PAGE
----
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Affective flattening, sometimes called blunted or flat affect, is a psychological symptom characterized by diminished or absent emotional reactions. It is associated with a number of psychiatric conditions, such as schizophrenia. Affect is the psychological term for the outward display of emotion, such as through gestures, tone of voice, facial expressions, laughter, and tears. Some affective flattening is normal, such as that which occurs as part of the maturation from childhood to adulthood. Different cultures have different standards of the appropriate intensity and manner of emotional display, so it is important to remain culturally sensitive when evaluating affective flattening.
While flat affect is often used to describe a more severely diminished emotional display than blunted affect, both symptoms are a type of affective flattening. Emotional displays and affective flattening can be conceived of as a continuum rather than a set of discrete symptoms, as the appropriate emotional displays vary among cultures, subcultures, and individuals. Evaluating the intensity of a display of emotion is also a subjective experience.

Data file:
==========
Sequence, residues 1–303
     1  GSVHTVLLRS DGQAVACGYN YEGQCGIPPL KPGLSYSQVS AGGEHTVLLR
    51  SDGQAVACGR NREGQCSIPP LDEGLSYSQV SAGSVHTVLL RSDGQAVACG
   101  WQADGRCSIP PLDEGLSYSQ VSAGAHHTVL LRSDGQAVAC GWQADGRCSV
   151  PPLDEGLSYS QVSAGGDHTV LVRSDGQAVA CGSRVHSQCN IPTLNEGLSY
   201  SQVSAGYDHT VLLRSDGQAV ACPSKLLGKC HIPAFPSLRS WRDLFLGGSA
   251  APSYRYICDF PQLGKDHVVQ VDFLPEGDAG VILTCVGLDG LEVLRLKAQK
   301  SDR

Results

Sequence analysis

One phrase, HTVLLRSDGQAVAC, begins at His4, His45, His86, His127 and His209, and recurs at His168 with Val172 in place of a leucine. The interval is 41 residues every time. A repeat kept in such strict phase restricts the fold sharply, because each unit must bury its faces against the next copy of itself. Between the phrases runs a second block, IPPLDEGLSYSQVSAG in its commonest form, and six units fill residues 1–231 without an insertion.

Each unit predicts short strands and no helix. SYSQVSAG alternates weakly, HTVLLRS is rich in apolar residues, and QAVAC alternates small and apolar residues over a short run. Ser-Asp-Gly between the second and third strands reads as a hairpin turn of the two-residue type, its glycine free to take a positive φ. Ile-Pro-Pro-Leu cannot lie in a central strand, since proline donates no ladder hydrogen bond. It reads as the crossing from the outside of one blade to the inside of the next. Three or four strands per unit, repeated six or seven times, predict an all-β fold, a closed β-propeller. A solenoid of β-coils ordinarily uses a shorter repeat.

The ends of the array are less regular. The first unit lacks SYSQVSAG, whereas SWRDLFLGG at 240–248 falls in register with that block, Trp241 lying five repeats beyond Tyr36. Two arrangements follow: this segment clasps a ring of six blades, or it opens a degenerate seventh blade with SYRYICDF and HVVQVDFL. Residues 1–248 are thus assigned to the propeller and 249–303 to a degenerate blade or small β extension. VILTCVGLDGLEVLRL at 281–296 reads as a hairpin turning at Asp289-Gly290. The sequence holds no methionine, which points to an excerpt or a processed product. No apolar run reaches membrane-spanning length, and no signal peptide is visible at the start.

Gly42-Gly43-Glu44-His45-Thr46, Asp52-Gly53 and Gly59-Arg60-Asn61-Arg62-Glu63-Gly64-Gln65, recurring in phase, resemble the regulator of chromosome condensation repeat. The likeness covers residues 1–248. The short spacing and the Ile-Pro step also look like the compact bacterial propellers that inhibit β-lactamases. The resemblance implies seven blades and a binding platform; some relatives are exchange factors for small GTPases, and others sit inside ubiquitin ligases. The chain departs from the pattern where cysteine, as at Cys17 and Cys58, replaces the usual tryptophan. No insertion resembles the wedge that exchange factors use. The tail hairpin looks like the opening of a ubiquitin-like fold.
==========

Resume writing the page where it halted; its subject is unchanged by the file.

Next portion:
A less extreme version, in which the range of emotional display is mildly limited when compared to the social norm, is known as constricted or restricted affect. Also called alexythymia, constricted affect is considered a personality trait rather than a psychological disorder, though it is associated with psychiatric conditions including autism, post-traumatic stress disorder (PTSD), major depressive disorder (MDD), anorexia, and bulimia. Alexythymia is also a risk factor for a variety of psychiatric disorders.
In addition to affective flattening, abnormal affect may also manifest as incongruous or inappropriately exaggerated displays of emotion. Affect may be appropriately positive or negative, but inappropriate in intensity, such as breaking into tears because of a minor disappointment. Labile affect is characterized by uncontrollable and socially inappropriate laughter, smiling, or tears. It is common in sufferers of brain injury, dementia, and Lou Gehrig disease or amyotrophic lateral sclerosis. Labile affect may also be indicative of attention-deficit hyperactivity disorder (ADHD) in adults.
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